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“We be salmon, salmon, salmon, salmon…

Hope you like salmon, too.” (NOT Bob Marley)

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Seafood nomenclature is a bitch. That’s because a lot of the names by which we know various species of Neptune’s realm are regional, arbitrary, and inconsistent with their official Latin monikers. Atlantic salmon, for instance, was once nicknamed “the king of fish.” I’ve never eaten wild Atlantic salmon and neither have you, unless you are old enough to have dined before 1948, when the legal fishery for Atlantic salmon was closed due to its endangered status (or if you’ve more recently spent ten grand on a guided fly-fishing excursion to Newfoundland.)

But there is available to us, dear reader, the actual “King of salmon”– Oncorhynchus tshawytscha, in official Latin… King Salmon, to its drooling devotees.

As if to intentionally confuse us, King salmon, naturally, also answers to an alternative name– Chinook. That’s how it is known in my nearby Great Lake Ontario, where it has been stocked (for sportsmen, not commercial fishing) to great success in recent decades. It is also successfully farmed in New Zealand. But for our purposes here, we concern ourselves primarily with the wild Alaskan catch.

A Lake Ontario Chinook… or King… or Oncorhynchus tshawytscha. Too bad you can’t eat them; the government says that Lake Ontario fish this size are too full of poisonous chemicals to consume regularly. They don’t need to tell ME twice.

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The Pacific Ocean has a lot of freakin’ water… enough to dilute and disperse half the world’s industrial and domestic toxic effluence to either undetectable or at least “safe” levels. And so we can confidently consume the wild-caught species of Pacific salmon without fear of ill effects. Good thing, because it is one of the most delicious fishes in the entire world.

Let’s take a trip to your local, high-quality fish market and concentrate on just the pink stuff– salmon. Atlantic salmon, the lightest in color, will invariably be farm-raised, in aquatic pens located in Chile, Florida, Maine. Canada, Iceland, Scotland, and/or Norway. (This list is by no means all-inclusive.) You might also see a selection of “previously frozen” Alaskan salmon, in the species of Sockeye, King, and Coho. Sockeye is the darkest red of them all as well as the most powerfully flavored, rank with overt “fishiness.” For the true believer, Sockeye is seafood heaven, densely packed with the flavors they crave. I personally keep eternally shelf-stable cans of Alaskan Sockeye in my truck for perfectly healthy and tasty emergency meals. But for many others, the strong flavor of Sockeye is halfway to sardines on the skankiness scale. These folks tend to prefer the farmed Atlantic, which has the mildest flavor.

As a farmed fish, fresh Atlantic salmon is generally available year-round. So are the frozen wild Alaskan Sockeye, and sometimes Coho and King. But if you want the absolute best salmon– fresh or frozen– you wait for the spring and summer seasons when the Alaskan species return to their rivers of origin to spawn and find their way into the fishermen’s nets. Fresh Sockeye is fabulous– if you like Sockeye– and the Coho is… well, meh. But the fresh and wild King– that, my dear readers, is truly the King of salmon, and perhaps of the entire universe of all seafood.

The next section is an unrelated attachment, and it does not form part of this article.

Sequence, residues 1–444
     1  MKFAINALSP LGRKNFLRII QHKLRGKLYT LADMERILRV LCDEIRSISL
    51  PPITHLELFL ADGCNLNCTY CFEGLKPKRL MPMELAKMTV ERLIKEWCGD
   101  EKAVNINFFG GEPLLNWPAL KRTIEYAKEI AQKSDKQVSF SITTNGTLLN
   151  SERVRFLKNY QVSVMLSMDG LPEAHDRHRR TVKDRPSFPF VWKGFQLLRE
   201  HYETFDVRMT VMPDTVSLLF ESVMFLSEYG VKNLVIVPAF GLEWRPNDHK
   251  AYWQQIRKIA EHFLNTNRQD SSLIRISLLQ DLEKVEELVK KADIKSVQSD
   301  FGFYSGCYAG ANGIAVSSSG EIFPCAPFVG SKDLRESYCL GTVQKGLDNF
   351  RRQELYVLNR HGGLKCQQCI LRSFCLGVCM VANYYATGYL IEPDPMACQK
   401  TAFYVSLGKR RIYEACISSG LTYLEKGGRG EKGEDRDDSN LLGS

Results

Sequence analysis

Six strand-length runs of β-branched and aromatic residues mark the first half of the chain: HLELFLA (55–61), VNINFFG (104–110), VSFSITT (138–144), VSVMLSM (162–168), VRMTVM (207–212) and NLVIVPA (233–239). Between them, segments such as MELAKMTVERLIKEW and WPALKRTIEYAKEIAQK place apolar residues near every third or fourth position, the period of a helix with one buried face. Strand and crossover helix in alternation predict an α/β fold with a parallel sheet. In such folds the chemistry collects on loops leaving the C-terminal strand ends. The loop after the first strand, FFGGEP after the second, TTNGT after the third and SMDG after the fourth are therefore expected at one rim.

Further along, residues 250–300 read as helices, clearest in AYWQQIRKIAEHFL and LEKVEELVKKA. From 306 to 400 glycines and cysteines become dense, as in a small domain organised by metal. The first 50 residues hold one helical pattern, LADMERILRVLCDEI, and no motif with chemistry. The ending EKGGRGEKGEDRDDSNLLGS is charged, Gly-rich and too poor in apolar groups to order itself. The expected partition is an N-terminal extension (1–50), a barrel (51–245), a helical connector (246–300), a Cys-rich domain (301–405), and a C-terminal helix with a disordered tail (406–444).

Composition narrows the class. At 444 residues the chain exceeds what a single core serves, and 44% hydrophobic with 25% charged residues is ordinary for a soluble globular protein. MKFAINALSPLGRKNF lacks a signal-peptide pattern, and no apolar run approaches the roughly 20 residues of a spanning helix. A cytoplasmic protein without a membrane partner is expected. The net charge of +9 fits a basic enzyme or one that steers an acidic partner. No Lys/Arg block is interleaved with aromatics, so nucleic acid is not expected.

Fresh King salmon looks different from all other salmon– it has a uniquely jasper-orange hue and a putty-like opacity. And just as superior wine regions revel in their specificity, connoisseurs of Alaskan King pay close attention to their rivers of origin, and those caught in the legendary Copper River enjoy the same exalted status as, say, Cabernets from the Stag’s Leap District within Napa Valley.

One thing that makes fresh wild Alaskan King salmon so delicious is its naturally high fat content, which also makes it really easy to cook. All you need to do is put the filets skin side down on foil, like this–

Cook them for about 13-15 minutes in a hot (400º) oven, then manually check for “wiggle,” cooking more as needed. (Practicing this technique on less-expensive Atlantic salmon is a really good idea. You ideally want to reach an internal temperature of 120º.) By rubbing the flesh but not the skin with grape seed oil, you cause the skin to conveniently adhere to the foil, allowing you to easily separate the flesh from it with a spatula.


As mentioned in previous essays, dill & salmon enjoy a particularly special affinity. Mustard works nicely as well, so a mustard-dill beurre blanc is perfect. (If you don’t know how to make beurre blanc by now, you haven’t been reading my essays. A variety of easy-to-prepare versions can be found here.)


Sauvignon Blanc goes perfectly with salmon for the same reason that dill does. Great versions of Sauvignon Blanc originate in a wide range of wine regions– France, South Africa, New Zealand, Australia, Chile, and California. But you needn’t confine yourself to a single variety– lean and crisp (French) Chardonnays work well, as do Oregon versions of Pinot Gris (the grown-up version of Pinot Grigio.) Hell, on the HMS TITANIC’s last night afloat, one of its dining rooms offered poached Atlantic salmon (surely wild) with slightly sweet and super high-quality German Riesling.

If you gotta go– as we all do, eventually– that would make one helluva last meal, I think.

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